Hundreds evacuated in wild New Zealand storms

from Deutsche Presse Agentur
Published on 16 Feb 2004
Wellington (dpa) - Hundreds of people were evacuated from their flooded homes on Monday after wild storms lashed New Zealand's North Island dumping torrential rain which caused swollen rivers to burst their banks.
Rural towns were cut off with access roads blocked by fallen trees, bridges were swept away and power lines brought down as flood waters inundated thousands of hectares of countryside up to 250 kilometres north of the capital Wellington.

An air force helicopter airlifted several families, including a pregnant woman and a baby, from the roofs of their homes as the floodwaters rose, Radio New Zealand reported.

A state of civil emergency remained in place around the flooded rural towns of Marton and Feilding, where at least 200 people were evacuated after rivers burst their banks.

Another 300 residents of Tangimoana were evacuated by troops as the entire township at the mouth of the Rangitikei River was engulfed by floodwaters and an incoming tide.

An estimated 6,500 homes remained without power late Monday afternoon as lineman were unable to reach fallen lines because of blocked highways.

The rain stopped in Wellington, where commuters had been told to delay setting off for work in the morning because trees over roads halted bus services and landslides blocked railway tracks.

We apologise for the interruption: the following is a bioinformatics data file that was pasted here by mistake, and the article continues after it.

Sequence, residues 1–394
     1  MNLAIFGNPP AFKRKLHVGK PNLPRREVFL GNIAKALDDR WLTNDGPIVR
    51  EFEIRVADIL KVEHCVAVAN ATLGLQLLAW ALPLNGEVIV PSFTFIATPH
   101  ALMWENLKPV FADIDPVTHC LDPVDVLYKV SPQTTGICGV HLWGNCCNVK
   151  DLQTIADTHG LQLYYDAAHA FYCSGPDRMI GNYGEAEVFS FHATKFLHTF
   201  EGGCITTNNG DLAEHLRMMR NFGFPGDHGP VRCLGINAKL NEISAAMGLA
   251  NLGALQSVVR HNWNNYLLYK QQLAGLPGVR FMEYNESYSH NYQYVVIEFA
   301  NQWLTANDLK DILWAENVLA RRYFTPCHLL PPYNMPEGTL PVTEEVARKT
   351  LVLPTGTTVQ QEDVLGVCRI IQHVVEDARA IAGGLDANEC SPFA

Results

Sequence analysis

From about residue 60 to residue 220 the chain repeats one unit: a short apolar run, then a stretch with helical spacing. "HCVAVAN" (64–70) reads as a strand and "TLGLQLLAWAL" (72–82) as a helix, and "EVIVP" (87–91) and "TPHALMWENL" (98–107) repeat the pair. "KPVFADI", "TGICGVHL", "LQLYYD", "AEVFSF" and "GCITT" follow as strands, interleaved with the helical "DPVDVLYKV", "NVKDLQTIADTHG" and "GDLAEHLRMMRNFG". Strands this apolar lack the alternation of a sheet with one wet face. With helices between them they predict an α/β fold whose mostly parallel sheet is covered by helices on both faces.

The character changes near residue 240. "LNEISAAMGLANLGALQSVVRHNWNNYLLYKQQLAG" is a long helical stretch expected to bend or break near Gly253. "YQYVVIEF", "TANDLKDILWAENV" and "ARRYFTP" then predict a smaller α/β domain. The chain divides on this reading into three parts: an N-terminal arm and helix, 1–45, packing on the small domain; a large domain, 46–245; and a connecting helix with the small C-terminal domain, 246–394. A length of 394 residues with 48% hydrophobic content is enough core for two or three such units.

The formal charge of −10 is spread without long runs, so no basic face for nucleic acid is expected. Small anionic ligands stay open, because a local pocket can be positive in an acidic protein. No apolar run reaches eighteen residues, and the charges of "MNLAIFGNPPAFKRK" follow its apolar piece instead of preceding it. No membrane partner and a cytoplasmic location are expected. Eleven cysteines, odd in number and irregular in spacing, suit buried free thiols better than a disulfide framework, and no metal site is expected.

Air and ferry services linking Wellington with the South Island, which was also affected, resumed in the afternoon as winds which had gusted up to 150 kilometres an hour through Cook Strait dropped.

Two men were believed drowned in boating accidents and an 18-year-old woman was seriously injured when a tree fell on her house in Auckland, trapping her in bed.

Although more rain was predicted in some areas, forecasters said the weather was improving but it would take days for the flood waters to subside, roads to be cleared and power lines restored.

Farmers who struggled to move their animals to high ground away from the flooding complained that forecasters had not predicted the heavy rains which lasted 48 hours in some places.

Hugh Ritchie, whose farm at Waipukurau, in central Hawke's Bay province was inundated, told Radio New Zealand: ''We got a long-range weather forecast in January saying there would be no rain until March. It hasn't stopped raining since.''

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